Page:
But Her Numbers Are Already Starting to Take A Dive
By Glynn Wilson –
WASHINGTON, D.C. — As Hillary Clinton takes the national stage as the early front runner in the presidential election of 2016, a majority of Americans, 54 percent, view her in a positive light, according to the Gallup Poll’s latest favorability rating survey.
As she goes around the country and makes the rounds of talk shows publicizing her new memoir, Hard Choices, and the media starts talking about her in political terms and the Republicans start finding ways to criticize her, however, her favorability rating may take a fall. It has already started to dive.
Gallup found her favorability rating at 59 percent in February, and as secretary of state, her numbers were consistently above 60 percent — until the September 2012 attacks on the U.S. compound in Benghazi, Libya, when Republicans went on the attack against her.
“Though Clinton has said she will not announce whether she’ll run for president until at least later this year, her latest book has been widely framed as a preamble to another presidential bid and a move typical of White House hopefuls,” Gallup says in its analysis of the situation. “Clinton already has the support of many elected officials and Democratic Party representatives if she chooses to run. Americans have named her their Most Admired Woman 18 times.”
Clinton’s current favorability rating is the lowest it has been since August 2008 (54 percent), when she was preparing to deliver a speech at the Democratic National Convention endorsing then-Senator Barack Obama, who defeated her in a hard-fought primary battle for the party’s 2008 presidential nomination.
After recovering from a contentious Democratic primary race that strapped her with campaign debt, Clinton’s favorability rating soared while she served as secretary of state during President Obama’s first term. As many as two-thirds of Americans, 66 percent, viewed her favorably in 2011 and 2012.
The highest rating reported by Gallup of 67 percent came in December of 1998, shortly after she stood by her man, President Bill Clinton, when the Republicans in Congress tried to impeach him during the Monica Lewinsky scandal.
In her role as secretary of state, Clinton enjoyed extremely high ratings from her fellow Democrats. But because of her performance, her ratings increase among Republicans rose as well. She peaked with Republicans during this period in mid-2012, when 41 percent viewed her favorably.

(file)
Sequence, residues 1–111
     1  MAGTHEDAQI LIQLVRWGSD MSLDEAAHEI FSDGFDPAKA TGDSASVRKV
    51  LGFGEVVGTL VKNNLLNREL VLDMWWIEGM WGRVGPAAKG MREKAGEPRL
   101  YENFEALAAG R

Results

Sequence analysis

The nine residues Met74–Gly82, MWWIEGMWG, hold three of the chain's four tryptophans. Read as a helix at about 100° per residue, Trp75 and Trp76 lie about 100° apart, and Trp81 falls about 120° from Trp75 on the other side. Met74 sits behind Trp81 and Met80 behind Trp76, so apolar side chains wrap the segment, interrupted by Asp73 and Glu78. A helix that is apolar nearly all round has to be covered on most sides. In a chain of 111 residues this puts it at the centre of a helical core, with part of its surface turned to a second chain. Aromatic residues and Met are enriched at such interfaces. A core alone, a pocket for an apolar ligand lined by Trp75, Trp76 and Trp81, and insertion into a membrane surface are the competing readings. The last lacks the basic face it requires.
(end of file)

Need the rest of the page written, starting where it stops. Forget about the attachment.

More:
“As Democratic elected officials continue to encourage her to run for president, her name has become further politicized, thus making her less favorable to non-Democrats,” Gallup says.
Republican operatives and conservative media pundits have publicly questioned whether her health and age could hinder her ability to serve as president. She is 66. Additionally, the House of Representatives has formed a select committee to investigate the attack in Benghazi.
“And as she wades into Obama’s controversial decision to trade five Taliban prisoners held at Guantanamo Bay for U.S. soldier Bowe Bergdahl, Clinton’s performance as one of Obama’s top cabinet members will likely undergo greater scrutiny,” Gallup says.
Bill Clinton’s Effect on Hillary’s Image
Bill Clinton, who in the same poll receives a 64 percent favorable rating, has commanded majority favorability from Americans during most of his time as president and in post-presidential life.
While some may view his high favorability ratings as an advantage for Hillary if she decides on another presidential run, Bill’s favorability did take a hit when he joined her on the 2008 campaign trail. By January 2008 — a year after Hillary announced her candidacy — his favorability hit a five-year low of 50 percent, barely ahead of Hillary’s 48 percent at the time.
Their latest favorability ratings are separated by 10 percentage points and, with the exception of a 12-point difference in March 2007, are as far apart as they’ve been since Hillary independently entered the political fray as a candidate for the U.S. Senate from New York.
During Hillary’s first term as New York’s junior senator, her favorability was closely linked to that of her husband. But for the first three years of her second term, from 2005-2007, their ratings differed by five to 12 percentage points. Then, in early 2008, when Bill became a proxy campaigner for Hillary in her bid for the presidency, his favorability fell and their ratings converged.
Gallup’s Bottom Line
“Hillary Clinton’s era of higher favorability appears to be ending even before she announces whether she will run for president. Americans typically rate non-political figures higher than political ones on this measure, and her favorable ratings before, during, and after being secretary of state are consistent with that phenomenon,” Gallup concludes in its analysis of the numbers. “Though her husband’s influence is far from Hillary’s greatest selling point, he may be better positioned to help her on the campaign trail than he was last time, with his favorability up five points from what it was in mid-2006. But if Hillary does run, the boost she receives from him may be limited if it is similar to 2008, with his past favorability so closely married to her own in the backdrop of a presidential campaign.”
Results for this Gallup poll are based on telephone interviews conducted June 5-8, 2014, with a random sample of 1,027 adults, aged 18 and older, living in all 50 U.S. states and the District of Columbia. For results based on the total sample of national adults, the margin of sampling error is plus or minus 4 percentage points at the 95 percent confidence level.
© 2014, Glynn Wilson. All rights reserved.